There may be just a couple of more weeks of good kokanee fishing on Lake Coeur d’Alene as the fish are beginning to turn. Chinook fishing is improving, however. Most fish caught recently were at around 100 feet.

Amber Lake continues to provide good fishing. John Petrofski of Spokane says he and a friend trolled a green, size-70 Hotshot this week for 12 “nice fat rainbow.”

Friends who have fished Waitts Lake three times the past two weeks say brown trout averaging about 13 inches are easy to catch trolling a Wedding Ring-type lure with a piece of worm about 10 feet down. They have been concentrating their efforts at midlake from Winona Beach Resort north.

Sprague Lake is still on fire. Trollers are taking limits fishing everything from jointed Rapalas to walleye-type spinners, and still-fishermen still find the worm/marshmallow “sandwich” effective. Bill Blosser and his wife, Nettie, fished the lake this week from 10 a.m. to noon, limiting on big rainbow – the largest 25 inches long and the smallest 15 inches. The west end of the lake in 15 feet of water has been best.

The southeast section of Deer Lake is providing constant trolling action for rainbow running 13-16 inches. Best success has been at 20-25 feet with Apex lures tipped with worm.

Rufus Woods Lake had been off and on, but even when it’s on, a lot of the fish are smaller than anglers have come to expect. If there is no current running through Rufus, fishing is generally poor.

Spiny ray

Potholes Reservoir bass are numerous and hungry, but seem to be keying on reaction baits only. A few fish to 6 pounds have been landed recently, but the majority are less than 1 1/2 pounds.

Coeur d’Alene northern pike are highly visible now but seem to have developed lockjaw. Anglers report numerous follows but few strikes.

Perch fishermen are loading up on eastern Washington and northern Idaho small lakes. Silver, Long, Waitts, Eloika and Liberty in Washington and Fernan, Hauser, Hayden and Cocolalla in Idaho have good perch fishing.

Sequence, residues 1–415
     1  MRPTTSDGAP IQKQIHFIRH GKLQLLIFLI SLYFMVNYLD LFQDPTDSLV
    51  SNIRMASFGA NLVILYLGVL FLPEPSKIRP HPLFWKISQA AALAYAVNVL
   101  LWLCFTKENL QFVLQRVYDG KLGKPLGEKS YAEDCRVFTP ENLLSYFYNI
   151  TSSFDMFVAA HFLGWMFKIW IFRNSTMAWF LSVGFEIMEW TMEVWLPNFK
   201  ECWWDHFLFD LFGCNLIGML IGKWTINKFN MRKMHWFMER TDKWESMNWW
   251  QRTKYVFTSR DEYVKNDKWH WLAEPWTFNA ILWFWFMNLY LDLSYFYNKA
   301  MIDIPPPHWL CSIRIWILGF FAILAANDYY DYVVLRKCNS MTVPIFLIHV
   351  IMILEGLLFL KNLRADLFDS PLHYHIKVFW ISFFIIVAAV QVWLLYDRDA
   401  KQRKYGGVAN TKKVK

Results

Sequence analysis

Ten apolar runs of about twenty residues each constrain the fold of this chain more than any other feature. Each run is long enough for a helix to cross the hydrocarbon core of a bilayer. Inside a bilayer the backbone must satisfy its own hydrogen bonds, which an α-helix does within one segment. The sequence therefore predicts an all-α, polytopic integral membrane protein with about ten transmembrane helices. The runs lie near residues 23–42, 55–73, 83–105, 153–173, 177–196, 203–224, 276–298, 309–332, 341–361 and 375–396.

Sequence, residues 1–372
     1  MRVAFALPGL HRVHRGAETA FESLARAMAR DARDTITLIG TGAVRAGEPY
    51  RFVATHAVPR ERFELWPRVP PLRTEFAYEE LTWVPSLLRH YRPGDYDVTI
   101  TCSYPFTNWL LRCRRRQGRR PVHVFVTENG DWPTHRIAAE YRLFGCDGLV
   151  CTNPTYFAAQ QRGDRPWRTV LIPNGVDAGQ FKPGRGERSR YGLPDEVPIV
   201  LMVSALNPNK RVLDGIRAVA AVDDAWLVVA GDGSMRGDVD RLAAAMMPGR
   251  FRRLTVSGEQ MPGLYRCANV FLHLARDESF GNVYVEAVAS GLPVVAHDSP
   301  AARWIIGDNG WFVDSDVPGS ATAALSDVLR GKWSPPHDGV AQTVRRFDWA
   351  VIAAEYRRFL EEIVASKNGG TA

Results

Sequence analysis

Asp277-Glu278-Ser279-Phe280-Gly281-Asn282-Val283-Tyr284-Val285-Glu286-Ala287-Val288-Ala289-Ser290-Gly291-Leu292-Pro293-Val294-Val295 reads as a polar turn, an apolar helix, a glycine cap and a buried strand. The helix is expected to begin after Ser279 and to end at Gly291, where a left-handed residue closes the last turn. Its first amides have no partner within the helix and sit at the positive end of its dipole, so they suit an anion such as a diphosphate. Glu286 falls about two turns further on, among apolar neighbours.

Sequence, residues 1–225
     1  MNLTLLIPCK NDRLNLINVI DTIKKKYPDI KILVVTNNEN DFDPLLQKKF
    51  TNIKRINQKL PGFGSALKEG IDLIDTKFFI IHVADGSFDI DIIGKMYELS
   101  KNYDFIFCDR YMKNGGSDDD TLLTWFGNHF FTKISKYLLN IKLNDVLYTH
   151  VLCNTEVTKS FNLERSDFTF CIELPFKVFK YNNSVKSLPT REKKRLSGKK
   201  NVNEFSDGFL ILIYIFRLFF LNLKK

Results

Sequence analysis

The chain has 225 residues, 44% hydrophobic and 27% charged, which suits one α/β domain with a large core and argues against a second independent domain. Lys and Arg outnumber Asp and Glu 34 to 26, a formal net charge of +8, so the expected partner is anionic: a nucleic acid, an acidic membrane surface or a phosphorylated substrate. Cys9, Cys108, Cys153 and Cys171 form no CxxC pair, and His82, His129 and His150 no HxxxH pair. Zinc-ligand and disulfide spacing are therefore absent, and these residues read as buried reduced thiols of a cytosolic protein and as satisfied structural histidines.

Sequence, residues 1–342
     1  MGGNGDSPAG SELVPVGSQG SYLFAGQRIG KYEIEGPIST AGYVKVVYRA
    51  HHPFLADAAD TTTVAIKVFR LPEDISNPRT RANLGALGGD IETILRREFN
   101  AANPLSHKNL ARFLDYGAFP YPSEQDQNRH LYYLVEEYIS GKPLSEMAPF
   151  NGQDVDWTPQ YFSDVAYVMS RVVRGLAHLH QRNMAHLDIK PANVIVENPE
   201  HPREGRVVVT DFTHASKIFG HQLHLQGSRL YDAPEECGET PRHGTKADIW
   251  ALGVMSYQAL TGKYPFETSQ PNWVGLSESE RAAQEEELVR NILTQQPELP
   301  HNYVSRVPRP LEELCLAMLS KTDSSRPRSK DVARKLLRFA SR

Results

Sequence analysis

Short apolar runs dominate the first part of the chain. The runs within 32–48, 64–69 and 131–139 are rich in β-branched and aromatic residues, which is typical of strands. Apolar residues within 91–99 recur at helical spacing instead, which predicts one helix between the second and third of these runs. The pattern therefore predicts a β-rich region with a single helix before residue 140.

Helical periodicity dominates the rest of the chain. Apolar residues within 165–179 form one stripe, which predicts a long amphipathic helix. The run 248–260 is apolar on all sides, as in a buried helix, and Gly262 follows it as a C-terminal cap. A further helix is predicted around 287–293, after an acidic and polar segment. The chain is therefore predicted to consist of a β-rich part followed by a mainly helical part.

Other species

The first razor-clam dig of the season will be on evening tides Saturday and Sunday at Long Beach, Twin Harbors, Copalis and Mocrocks. Long Beach and Twin Harbors only will be open Monday, and Twin Harbors only Tuesday through Thursday.

Most marine areas of Puget Sound will reopen for recreational crab fishing on Saturday. Additional information is available on WDFW’s website at http://wdfw.wa.gov/ fishing/ shellfish/crab/.

Hunting

Washington and Idaho chukar hunters brave enough to tackle Snake River canyons in the heat are finding birds down low. Indications are bird populations are up slightly from next year. Quail are more spread out in the canyons, usually concentrated in blackberry thickets near springs.

The Idaho waterfowl season opens Saturday in Area 2, and runs through Jan. 25. Area 2 includes all of the state not included in Area 1, which opened last Saturday. The regular pheasant season opens Saturday in northern Idaho, Area 1, and runs through Dec. 31. In the rest of the state the season opens Oct. 20. It runs through Nov. 30 in eastern Idaho, Area 2, and through Dec. 31, in southwest Idaho, Area 3.

Lincoln County duck hunters may have trouble finding small water when the Washington waterfowl season opens Saturday, but the county is full of geese. Once open, the Washington waterfowl season remains open for five days, closes for two, and then runs Oct. 20-Jan. 27, except for geese, which are open Wednesdays and weekends and some later “bonus days” in units 4 and 5.

Moses Lake contacts report a good population of local ducks in the area, and local geese are said to be “thick.”

The Washington general modern-firearm deer season opens Saturday. The general modern-firearm elk season opens Oct. 27 in select Washington GMUs. The southeast district (District 3) is the region’s primary elk hunting area, with herds predominantly in or near the forested areas on public lands in the Blue Mountains. Recent studies have shown that yearling bull elk survival is high here, and since the general hunting harvest rule is spike only, prospects are good for those willing to hunt rugged country to find them.

Contact Alan Liere @ spokesmanliere@yahoo.com